Tara Reade, Casualty

Published May 17, 2020 in Warp & Woof


Tara Reade, Casualty
 
William Sundwick
 
 
No, she didn’t get the timing right. She knew she only had weak corroboration for her accusation that Senator Joe Biden sexually assaulted her in 1993, when she was a young staffer in his office.
 
Alas, it was too late to keep everybody that mattered, including the bulk of the mainstream media, from anointing Joe Biden as the presumptive presidential nominee in 2020. Bernie Sanders, her favorite in the primary, remained silent following her public accusation in late March. He endorsed the former Vice-President anyway. Elizabeth Warren, and every woman being considered by Biden as a potential running mate or cabinet member, jumped at the chance for a full-throated defense of his categorical denial – especially after he appeared on MSNBC May 1 to tell Mika Brzezinski, “It never happened. Never. Period.” Tara Reade’s strongest defense was the withering fire from a retreating Berniecrat crowd, growing fainter by the day, and some more substantive feminist voices like Kate Manne.
 
Then, Reade’s friend in California, Lynda LaCasse, came forward later, apparently unprompted, with a reasonably powerful endorsement of Tara’s story, which she related a few years after the alleged incident.
 
Even if some of the details that Reade stumbles over cannot be corroborated (like the Senate complaint about harassment in Biden’s office), “absence of evidence is not necessarily evidence of absence,” as Kate Manne reminds us. This is not a legal proceeding, nor a civil case, but a classic case of survivors reliving trauma, after long simmering shame and embarrassment. This is what #MeToo was all about.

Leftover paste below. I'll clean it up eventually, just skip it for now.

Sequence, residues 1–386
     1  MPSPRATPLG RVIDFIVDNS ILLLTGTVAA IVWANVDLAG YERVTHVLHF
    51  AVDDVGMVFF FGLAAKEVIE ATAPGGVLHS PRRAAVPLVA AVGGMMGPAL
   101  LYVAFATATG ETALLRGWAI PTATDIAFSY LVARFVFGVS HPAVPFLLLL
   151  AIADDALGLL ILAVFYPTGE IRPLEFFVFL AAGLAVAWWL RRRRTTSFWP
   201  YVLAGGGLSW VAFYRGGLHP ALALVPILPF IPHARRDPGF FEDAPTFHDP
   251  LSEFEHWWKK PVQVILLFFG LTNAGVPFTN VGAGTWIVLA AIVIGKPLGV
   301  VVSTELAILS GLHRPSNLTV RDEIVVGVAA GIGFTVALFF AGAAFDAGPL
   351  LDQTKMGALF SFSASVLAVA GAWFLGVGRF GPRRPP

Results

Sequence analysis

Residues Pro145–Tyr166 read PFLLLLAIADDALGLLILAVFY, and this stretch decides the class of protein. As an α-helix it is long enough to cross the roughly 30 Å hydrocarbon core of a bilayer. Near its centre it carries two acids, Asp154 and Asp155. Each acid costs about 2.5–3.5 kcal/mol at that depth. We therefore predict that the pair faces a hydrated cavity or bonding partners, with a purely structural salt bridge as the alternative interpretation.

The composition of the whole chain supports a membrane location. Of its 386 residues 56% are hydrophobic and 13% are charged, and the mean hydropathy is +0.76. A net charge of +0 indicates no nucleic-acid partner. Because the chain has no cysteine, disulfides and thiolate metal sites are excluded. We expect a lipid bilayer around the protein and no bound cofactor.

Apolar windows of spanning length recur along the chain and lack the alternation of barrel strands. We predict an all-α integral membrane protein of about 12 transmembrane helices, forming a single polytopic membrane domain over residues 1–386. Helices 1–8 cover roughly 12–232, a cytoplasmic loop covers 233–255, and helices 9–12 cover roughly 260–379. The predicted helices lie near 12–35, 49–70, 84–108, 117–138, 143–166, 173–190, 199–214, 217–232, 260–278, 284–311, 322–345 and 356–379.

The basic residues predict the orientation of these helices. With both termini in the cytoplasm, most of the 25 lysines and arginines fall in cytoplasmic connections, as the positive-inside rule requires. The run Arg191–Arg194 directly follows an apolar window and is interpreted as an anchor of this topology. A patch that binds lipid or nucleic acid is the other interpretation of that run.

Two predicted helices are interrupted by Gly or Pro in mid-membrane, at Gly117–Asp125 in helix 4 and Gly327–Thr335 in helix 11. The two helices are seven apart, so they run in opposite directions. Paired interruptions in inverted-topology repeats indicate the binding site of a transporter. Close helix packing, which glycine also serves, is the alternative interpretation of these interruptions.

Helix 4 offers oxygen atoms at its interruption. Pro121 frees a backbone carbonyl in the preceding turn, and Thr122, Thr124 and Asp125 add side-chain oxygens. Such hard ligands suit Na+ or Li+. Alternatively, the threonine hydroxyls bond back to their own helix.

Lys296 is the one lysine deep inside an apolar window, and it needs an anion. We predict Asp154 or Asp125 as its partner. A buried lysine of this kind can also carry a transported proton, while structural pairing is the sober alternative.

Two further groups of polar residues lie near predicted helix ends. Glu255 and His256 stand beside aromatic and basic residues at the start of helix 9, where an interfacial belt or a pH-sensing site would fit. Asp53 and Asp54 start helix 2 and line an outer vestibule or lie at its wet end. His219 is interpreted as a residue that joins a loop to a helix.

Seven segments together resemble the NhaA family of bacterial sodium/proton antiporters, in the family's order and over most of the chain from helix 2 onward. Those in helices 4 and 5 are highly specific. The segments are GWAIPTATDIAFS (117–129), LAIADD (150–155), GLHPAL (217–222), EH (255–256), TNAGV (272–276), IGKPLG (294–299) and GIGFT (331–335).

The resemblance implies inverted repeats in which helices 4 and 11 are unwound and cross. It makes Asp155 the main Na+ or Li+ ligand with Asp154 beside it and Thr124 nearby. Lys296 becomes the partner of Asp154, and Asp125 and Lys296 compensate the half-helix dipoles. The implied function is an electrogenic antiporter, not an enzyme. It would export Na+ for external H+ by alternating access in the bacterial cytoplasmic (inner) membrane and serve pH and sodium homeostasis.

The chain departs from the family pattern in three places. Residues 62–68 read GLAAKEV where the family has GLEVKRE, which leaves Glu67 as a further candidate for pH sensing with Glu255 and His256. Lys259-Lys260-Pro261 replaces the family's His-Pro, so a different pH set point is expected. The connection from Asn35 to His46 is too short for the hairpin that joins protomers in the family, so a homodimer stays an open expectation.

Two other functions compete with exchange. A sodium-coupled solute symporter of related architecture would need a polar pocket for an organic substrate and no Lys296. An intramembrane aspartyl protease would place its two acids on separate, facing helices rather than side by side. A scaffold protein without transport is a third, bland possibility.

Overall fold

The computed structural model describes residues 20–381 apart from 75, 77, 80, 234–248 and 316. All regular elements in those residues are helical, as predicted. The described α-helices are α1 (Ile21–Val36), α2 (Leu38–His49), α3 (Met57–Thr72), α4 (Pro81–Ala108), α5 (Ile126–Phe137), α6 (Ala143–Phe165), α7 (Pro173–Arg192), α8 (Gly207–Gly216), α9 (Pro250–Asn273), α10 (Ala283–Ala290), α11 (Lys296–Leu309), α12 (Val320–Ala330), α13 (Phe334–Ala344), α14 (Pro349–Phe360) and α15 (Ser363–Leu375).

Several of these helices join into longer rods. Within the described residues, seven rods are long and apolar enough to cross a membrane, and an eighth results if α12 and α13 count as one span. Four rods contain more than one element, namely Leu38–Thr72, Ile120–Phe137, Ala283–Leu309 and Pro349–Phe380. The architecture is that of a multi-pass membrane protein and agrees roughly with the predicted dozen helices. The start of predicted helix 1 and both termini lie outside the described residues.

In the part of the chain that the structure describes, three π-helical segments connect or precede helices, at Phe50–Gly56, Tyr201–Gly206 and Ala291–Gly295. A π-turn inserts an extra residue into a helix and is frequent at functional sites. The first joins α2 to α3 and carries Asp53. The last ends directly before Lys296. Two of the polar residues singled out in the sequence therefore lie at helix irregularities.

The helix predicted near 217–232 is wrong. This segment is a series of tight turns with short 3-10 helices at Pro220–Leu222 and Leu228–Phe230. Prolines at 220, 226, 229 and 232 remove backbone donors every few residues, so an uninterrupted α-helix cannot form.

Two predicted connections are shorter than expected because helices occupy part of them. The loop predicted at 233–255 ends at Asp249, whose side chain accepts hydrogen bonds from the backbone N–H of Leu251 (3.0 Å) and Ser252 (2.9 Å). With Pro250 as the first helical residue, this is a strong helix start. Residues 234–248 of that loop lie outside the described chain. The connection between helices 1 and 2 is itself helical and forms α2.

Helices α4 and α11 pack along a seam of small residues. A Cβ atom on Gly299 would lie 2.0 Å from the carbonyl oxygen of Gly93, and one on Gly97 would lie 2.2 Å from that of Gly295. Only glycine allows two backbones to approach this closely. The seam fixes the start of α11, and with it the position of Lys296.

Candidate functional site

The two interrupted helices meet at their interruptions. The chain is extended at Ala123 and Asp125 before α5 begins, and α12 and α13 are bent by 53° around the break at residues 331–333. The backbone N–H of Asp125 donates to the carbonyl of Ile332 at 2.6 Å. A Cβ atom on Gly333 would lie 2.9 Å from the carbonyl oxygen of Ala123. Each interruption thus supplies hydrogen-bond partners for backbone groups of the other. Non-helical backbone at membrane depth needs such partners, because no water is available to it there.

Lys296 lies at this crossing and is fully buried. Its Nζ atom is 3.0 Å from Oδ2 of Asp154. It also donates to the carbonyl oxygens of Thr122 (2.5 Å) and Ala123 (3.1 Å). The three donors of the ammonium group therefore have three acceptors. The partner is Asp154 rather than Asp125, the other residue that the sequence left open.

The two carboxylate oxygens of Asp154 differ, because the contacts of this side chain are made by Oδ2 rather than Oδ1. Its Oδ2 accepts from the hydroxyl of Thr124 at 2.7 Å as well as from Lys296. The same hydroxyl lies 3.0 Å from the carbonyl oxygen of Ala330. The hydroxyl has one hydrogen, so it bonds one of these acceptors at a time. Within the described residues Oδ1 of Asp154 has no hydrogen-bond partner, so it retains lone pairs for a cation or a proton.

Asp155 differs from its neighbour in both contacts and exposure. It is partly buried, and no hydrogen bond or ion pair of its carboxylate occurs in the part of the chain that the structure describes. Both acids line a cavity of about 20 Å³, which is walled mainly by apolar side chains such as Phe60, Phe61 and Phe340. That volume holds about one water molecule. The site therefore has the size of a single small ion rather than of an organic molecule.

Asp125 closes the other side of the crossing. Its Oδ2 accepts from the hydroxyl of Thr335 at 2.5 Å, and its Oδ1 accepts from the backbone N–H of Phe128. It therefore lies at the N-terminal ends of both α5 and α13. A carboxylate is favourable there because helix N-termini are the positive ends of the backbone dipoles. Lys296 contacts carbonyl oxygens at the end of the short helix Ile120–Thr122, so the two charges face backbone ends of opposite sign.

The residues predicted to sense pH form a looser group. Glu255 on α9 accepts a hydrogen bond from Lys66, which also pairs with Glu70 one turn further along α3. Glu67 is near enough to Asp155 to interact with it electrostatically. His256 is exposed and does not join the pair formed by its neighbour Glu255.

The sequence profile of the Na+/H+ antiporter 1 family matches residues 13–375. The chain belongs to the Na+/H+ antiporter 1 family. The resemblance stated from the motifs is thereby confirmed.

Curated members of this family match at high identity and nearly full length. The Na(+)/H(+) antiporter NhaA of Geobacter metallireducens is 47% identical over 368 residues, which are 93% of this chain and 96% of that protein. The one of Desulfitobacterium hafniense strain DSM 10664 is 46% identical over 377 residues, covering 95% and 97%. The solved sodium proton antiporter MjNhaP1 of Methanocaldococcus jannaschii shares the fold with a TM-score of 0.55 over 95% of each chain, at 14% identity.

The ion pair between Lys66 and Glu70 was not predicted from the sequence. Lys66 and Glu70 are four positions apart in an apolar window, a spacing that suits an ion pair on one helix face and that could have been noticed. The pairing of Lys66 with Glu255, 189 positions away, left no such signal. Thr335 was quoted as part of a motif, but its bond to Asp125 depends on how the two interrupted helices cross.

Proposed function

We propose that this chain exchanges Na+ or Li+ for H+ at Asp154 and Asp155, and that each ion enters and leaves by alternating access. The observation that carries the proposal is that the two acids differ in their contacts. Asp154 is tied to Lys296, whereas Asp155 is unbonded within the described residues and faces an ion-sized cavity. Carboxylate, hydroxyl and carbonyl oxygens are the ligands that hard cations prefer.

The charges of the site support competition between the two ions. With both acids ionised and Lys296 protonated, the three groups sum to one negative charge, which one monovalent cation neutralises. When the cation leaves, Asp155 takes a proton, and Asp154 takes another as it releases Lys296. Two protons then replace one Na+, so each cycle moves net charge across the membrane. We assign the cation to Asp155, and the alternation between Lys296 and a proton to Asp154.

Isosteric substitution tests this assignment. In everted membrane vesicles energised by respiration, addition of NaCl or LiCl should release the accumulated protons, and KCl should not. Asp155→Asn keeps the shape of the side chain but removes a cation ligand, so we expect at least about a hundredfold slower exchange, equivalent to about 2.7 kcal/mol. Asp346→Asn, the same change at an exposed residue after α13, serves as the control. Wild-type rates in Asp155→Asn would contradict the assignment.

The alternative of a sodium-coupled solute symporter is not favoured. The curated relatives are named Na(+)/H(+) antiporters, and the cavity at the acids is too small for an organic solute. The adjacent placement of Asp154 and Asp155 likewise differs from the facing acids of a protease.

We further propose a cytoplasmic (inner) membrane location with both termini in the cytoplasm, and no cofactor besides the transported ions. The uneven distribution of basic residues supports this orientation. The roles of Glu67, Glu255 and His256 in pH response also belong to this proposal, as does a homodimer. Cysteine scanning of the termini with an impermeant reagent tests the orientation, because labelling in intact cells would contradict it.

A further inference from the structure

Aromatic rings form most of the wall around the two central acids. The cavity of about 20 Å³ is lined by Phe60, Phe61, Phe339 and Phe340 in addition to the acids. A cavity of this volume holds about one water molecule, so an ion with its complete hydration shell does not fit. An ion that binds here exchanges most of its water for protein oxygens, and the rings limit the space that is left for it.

In any case, “Believe Women” never meant that all women always tell the full truth about their experiences, only that they be given the benefit of the doubt when they come forward. Tara Reade has been given that, and only a fringe has sought to defame her (notably, not Biden himself). Both she and her accused are presumed innocent.
 
But, as we know, truth often comes down to “he said, she said.” Some feminists have noted that Reade’s accusation accurately portrays who Biden really is – even if this specific case is dubious. Much in his public persona suggests he comes from an extreme patriarchal culture. His admitted “handsiness” and other behavior has made many women uncomfortable, even if falling short of sexual assault. Some have labeled him “creepy.” His presidential campaign is trying hard to focus on the alternate public image of “decent old Uncle Joe” – not difficult versus the twenty accusations his opponent faces!
 
And Biden’s defense is bolstered by a #MeToo postulate: “there’s never only one.” It seems that Reade is the only one, as no credible secondary victims have yet appeared — after at least six weeks of non-stop media coverage of her allegation. But Christine Blasey Ford had no credible secondary victims either. The main difference between her case two years ago and Reade’s is that Blasey testified under oath and took a polygraph about what happened to her in high school. Reade has done neither.
 
Most of these ministrations about trying to determine the “truth” are irrelevant, anyway. The November election will be about far more critical issues. If proven true, Reade’s accusation would force the Democratic Party to tackle the unprecedented task of overturning duly certified primary results to replace Biden. The most likely result of that would be disarray and ultimate defeat for the Party in November. Is this Reade’s hope? It certainly is not the hope of her friend LaCasse – who still plans on voting for Biden.
 
If we conclude that Reade’s story is too flimsy to believe, she is still a casualty of the campaign. She should have anticipated this outcome. Maybe she did but chose her timing, regardless.
 

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